By: Heather Rhoades
What better way to create the feeling of an indoor jungle than introducing the perfect tropical vine. Both exotic looking and easy to care for, the passion flower (Passiflora incarnata) is one of the most interesting flowering vines around. This tropical vine can be easily grown indoors to create a beautiful tropical setting. Keep reading to learn how to grow passion flower houseplants.
The passion flower is a beautiful tropical-looking vine, though not native to tropical regions. In spite of its tropical appearance, the passion flower, also known as the Maypop because it pops out of the ground in May, is actually native to the southeastern United States and can be seen growing along roadsides, open fields, and even in some wooded areas.
The passion flower was named by early missionaries in the early 1500s, who believed parts of the plant symbolized features of the crucifixion of Christ. For instance, the flower’s five petals and five petal-like sepals were said to represent the ten apostles who remained faithful to Jesus throughout the Passion suffering and death. In addition, the flower’s circle of hair-like rays above its petals was thought to suggest the crown of thorns upon Christ’s head.
This tropical-like vine prefers indoor temperatures that remain between 55 to 65 F. (13 to 18 C.), but will tolerate slightly cooler conditions during winter months. While it enjoys lots of light, avoid any direct sun.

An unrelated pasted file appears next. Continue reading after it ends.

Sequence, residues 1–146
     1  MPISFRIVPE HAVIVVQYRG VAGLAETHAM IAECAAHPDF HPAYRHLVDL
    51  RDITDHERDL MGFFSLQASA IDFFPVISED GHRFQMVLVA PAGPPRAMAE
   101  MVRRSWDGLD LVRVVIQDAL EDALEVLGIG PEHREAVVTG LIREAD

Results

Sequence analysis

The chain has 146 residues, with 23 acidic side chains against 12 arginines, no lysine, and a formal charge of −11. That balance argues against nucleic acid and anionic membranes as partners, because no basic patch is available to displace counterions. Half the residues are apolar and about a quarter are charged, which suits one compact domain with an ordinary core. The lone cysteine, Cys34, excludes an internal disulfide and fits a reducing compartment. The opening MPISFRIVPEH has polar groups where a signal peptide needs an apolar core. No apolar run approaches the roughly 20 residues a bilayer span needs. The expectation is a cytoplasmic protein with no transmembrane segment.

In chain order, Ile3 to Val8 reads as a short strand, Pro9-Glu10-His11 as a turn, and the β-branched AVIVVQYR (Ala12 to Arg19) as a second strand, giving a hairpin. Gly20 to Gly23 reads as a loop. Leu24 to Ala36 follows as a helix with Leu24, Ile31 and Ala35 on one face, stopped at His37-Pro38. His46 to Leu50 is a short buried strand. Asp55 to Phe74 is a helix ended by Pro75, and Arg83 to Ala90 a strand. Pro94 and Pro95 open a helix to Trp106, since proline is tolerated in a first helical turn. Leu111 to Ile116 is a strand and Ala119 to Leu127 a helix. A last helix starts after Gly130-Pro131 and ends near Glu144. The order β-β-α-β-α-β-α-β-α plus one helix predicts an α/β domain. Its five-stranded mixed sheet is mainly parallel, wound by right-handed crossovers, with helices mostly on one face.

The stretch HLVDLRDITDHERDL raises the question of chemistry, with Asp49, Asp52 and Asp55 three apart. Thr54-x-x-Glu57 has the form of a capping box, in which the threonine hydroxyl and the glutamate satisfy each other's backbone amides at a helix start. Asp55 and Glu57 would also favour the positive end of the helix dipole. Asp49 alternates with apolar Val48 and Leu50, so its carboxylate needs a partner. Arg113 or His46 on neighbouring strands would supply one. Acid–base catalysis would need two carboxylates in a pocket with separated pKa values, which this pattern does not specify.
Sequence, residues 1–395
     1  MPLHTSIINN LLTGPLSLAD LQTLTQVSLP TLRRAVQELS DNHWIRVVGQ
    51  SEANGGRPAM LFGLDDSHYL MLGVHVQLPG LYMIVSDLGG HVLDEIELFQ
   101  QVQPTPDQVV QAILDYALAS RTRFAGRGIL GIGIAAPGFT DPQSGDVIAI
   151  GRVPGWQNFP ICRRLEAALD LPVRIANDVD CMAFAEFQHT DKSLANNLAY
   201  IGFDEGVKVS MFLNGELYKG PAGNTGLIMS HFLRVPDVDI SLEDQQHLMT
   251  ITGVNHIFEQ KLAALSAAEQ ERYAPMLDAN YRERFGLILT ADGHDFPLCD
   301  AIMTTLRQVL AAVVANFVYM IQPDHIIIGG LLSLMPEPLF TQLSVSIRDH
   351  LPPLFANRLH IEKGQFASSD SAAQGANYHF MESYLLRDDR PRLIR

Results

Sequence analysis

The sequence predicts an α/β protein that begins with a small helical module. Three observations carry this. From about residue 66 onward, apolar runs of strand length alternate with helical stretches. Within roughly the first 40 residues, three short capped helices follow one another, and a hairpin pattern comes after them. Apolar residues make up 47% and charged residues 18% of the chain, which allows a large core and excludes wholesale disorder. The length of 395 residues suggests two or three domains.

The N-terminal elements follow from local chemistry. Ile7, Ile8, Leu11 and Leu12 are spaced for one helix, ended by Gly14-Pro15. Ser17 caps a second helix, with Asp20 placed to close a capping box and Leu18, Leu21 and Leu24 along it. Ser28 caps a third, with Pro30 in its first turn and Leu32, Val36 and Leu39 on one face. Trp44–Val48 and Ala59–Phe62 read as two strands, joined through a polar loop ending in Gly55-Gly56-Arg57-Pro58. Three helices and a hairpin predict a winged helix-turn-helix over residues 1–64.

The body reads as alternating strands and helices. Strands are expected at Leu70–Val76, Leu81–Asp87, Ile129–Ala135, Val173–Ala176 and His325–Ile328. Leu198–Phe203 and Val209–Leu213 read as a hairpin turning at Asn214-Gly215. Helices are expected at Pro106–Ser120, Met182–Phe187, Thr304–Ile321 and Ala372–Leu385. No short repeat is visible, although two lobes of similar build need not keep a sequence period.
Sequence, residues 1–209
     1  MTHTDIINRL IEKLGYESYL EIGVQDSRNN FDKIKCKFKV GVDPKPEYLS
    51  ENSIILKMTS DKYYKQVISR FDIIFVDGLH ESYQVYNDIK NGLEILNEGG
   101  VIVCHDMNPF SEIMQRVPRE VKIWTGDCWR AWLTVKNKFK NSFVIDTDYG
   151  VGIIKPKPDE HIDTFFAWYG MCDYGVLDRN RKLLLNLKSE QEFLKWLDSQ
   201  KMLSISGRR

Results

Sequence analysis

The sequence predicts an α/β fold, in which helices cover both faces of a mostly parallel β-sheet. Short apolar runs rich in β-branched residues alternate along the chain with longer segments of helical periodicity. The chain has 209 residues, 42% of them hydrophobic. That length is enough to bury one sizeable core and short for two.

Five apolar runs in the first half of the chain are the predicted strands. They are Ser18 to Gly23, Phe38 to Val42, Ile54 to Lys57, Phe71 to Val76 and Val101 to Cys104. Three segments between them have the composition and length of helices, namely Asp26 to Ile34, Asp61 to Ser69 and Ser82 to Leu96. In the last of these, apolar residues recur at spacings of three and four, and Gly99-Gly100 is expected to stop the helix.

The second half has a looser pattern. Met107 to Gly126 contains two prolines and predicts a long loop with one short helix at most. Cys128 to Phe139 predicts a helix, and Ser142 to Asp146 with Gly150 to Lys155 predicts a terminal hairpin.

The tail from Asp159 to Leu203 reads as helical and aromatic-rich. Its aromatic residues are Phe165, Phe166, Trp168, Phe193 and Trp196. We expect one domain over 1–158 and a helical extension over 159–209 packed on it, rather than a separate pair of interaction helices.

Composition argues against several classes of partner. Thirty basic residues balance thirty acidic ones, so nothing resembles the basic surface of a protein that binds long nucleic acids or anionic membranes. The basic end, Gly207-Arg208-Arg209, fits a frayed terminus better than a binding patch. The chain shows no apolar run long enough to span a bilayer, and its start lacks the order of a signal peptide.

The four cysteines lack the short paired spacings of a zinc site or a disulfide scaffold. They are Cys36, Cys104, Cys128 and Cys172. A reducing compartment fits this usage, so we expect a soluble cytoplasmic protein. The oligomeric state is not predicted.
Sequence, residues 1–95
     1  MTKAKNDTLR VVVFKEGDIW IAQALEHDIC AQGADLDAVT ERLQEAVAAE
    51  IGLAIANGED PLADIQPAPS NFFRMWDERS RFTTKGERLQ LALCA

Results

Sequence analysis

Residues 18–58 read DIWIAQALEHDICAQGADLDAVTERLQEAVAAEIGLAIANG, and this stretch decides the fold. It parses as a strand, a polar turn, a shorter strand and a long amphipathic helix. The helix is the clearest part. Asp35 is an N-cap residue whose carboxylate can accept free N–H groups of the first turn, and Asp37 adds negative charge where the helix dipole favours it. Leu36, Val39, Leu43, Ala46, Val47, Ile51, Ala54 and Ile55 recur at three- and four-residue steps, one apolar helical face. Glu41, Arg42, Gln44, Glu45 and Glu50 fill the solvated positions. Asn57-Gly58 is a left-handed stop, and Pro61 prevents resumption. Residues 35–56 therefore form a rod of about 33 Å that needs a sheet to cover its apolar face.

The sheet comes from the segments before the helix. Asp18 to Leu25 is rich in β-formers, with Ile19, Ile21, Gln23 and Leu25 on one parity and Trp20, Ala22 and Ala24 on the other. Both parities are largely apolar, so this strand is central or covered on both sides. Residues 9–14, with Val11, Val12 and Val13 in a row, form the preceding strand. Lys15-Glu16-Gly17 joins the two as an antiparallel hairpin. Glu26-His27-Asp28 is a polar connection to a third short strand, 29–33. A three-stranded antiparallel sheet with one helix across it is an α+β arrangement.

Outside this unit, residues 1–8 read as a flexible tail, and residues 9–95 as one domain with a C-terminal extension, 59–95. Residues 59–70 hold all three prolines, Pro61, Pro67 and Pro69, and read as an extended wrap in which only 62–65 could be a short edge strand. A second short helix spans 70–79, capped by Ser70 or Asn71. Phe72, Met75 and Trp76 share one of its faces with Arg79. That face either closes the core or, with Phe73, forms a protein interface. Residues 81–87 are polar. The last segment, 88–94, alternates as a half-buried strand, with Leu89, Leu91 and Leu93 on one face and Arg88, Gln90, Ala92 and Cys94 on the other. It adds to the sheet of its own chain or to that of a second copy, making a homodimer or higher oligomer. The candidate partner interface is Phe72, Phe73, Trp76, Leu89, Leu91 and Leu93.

Keep the passion flower vine watered regularly while the plant is actively growing and be sure to provide it with adequate drainage. Once fall begins getting closer, you can allow the passion flower to dry out some between watering intervals but not completely. This plant also appreciates good ventilation when grown indoors.
Potted plants can be placed outside in a warm sheltered spot during the summer, if desired. They generally begin blooming in July and continue until frost outdoors, even longer inside. The vines can also grow up to 15 feet (4.5 m.) in a season. Provide a trellis or other suitable support system for this vine, and the passion flower will reward you with unique and beautiful purplish-blue flowers.
There are numerous species of Passiflora in other colors as well, such as yellow, and all species produce edible fruits, ranging from 1/2 inch (12.6 mm.) up to 6 inches (15 cm) in diameter. These fruits also vary with shape and color depending on the species grown, from round to oblong and yellow to purple.
If you’re looking for something different to add an exotic presence to your home, look no further. The passion flower is certainly a good choice. It’s relatively carefree, quite exquisite in appearance, and the flowering vine is filled with a rich history.
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To determine if a plant is sufficiently cold hardy, the USDA created numbered zones indicating winter low temperatures the lower the zone number the colder the winter.
Many gardeners in the warmer regions of the country, and beyond, cannot help but to be passionate about the Passion Vine. The beautiful vine, with its exotic tendrils winding around trellises, makes a quick green screen that very soon has spectacular, purplish flowers.
The complex blooms of the Passion Flower Vine are said to represent The Passion of Christ the central stamen representing the cross, various parts representing the apostles, and more. Religious or not, this plant is spectacular in the garden or shading a porch or deck.
With good sunlight, heat, and humidity, the Passion Flower Vine is trainable around a frame of an indoor window or trellis. Try planting the Passion Vine in a pot outdoors in the summer as a patio accent – just make sure to prune heavily after flowering and bring indoors for the winter (if in zones 1-6). Feed the Passion Vine regularly before and during the flowering season. Repotting and pruning are usually done in late fall, before spring stimulates fresh new growth. The Passion Flower Vine is hardy in USDA Hardiness Zones 6 through the tropics.